Something went wrong with the connection!

The Public Slate


Fast Food Workers are not Animals

Fast Food Workers are not Animals
November 30
11:30 2014

When I first walked into a McDonald’s, my impression was of a small business. It appeared to be a fun place to work, and the smiling employees were happy. That was over 50 years ago; I know better now. Fast food employees are virtually slave labor. They work at the discretion of management and receive an unlivable wage. If they fail to work any and all assigned hours they lose their job. The fast food industry is extremely profitable while they treat their employees like animals.

Thursday, December 4th, tens of thousands of fast food workers will be on strike. The boycott will take place in 150 cities across the United States. They are demanding a livable wage of $15 and hour. I heard some say, ‘why don’t they look for a better job?’ The answer is that they would have to move out of the country where corporations have taken them.

McDonald’s fails to recognize the event as a strike from within the industry. Management claims that more outside forces are actually involved in the protest. Subtle forms of retaliation have been experienced by fast food workers, although supervisors claim that is untrue.

Wal-Mart employees through their organization named ‘OUR Wal-Mart’ have joined the cry for an increase to $15 an hour.

The movement to increase the wages of those who work but continue to remain in the poverty level is growing. Public awareness that wages fail to rise in proportion to record-breaking corporate profits is propelling a more unified effort.

The NAACP has joined fast foot workers in their efforts. They compare their demands for fair pay with the sit-ins in the 1960’s. Their point of view is that it is as much a civil rights issue as it is economic.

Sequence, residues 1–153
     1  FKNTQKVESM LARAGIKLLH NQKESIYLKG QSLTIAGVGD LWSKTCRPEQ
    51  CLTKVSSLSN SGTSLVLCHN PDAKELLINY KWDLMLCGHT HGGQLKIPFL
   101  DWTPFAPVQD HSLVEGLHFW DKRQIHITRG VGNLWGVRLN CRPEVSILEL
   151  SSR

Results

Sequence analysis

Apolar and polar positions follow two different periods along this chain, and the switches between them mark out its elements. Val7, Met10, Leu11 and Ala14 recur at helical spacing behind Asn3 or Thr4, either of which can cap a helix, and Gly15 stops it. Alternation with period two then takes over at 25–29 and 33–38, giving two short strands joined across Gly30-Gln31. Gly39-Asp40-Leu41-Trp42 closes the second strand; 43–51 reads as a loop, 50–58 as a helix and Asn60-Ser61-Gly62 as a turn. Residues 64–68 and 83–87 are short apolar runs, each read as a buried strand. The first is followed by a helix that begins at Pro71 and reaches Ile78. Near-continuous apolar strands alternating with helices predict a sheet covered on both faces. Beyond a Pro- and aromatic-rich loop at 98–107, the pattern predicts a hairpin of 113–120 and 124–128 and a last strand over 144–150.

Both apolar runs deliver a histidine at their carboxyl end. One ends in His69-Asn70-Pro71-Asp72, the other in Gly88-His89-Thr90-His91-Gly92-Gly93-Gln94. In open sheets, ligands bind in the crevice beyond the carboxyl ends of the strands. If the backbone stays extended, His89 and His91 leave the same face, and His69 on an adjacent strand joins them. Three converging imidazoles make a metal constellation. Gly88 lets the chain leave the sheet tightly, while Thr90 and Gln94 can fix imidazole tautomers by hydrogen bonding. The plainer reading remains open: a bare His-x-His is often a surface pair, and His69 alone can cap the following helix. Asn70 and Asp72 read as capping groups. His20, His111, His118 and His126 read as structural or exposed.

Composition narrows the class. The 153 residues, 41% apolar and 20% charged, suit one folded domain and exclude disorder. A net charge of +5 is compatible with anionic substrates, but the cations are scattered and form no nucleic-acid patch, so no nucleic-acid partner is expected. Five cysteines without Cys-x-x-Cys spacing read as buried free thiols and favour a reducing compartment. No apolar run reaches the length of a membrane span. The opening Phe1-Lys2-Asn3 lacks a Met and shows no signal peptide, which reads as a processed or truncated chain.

The real enemy is corporate greed. Conservatives claim that this desire for increased profits is why they create jobs, and pay their employees a fair wage. This concept is purely a falsification and a defense which would allow them to continue their policy of paying their employees wages which are below a livable standard.

An illusion also exists that fast food establishments are responsible for a growing workforce in our nation. History shows that corporations continue to seek ways to increase their profits, and one of them is by lessening the number of employees necessary to achieve their goal. If a zero employee situation could be attained they would adopt it immediately.

Corporations, through their lobbyist who support Republican Congressmen, claim that a higher minimum wage would result in lower employment. This is completely false. Including times of recession, evidence proves that an increase in the minimum wage has no effect on the employment rate.

The largest number of individuals which would be affected by an increase in the minimum wage are women. Sixty percent of the lowest paid workers are women, and a large percentage of them are single mothers.

If our lowest paid workers received $15 an hour, the economy would improve. If these workers had even a small amount of disposable income they would spend it, unlike the wealthy who secure it in offshore accounts.

When the working class has ‘money to spend,’ everyone benefits; even those who already have far too much wealth.

By James Turnage


The Huffington Post

Al Jazeera America


About Author

James Turnage

James Turnage

James Turnage is currently a writer and editor for The Public Slate, a subsidiary of the Guardian Liberty Voice. He is also a novelist who is in the process of publishing his fourth effort. His experience includes performing the responsibilities of a Managing Editor, reporter, columnist, and independent contributor. Contributions to sports publications such as The Penalty Flag and Sports Spartan complete his resume.

Related Articles


No Comments Yet!

There are no comments at the moment, do you want to add one?

Write a comment

Write a Comment

Your email address will not be published.
Required fields are marked *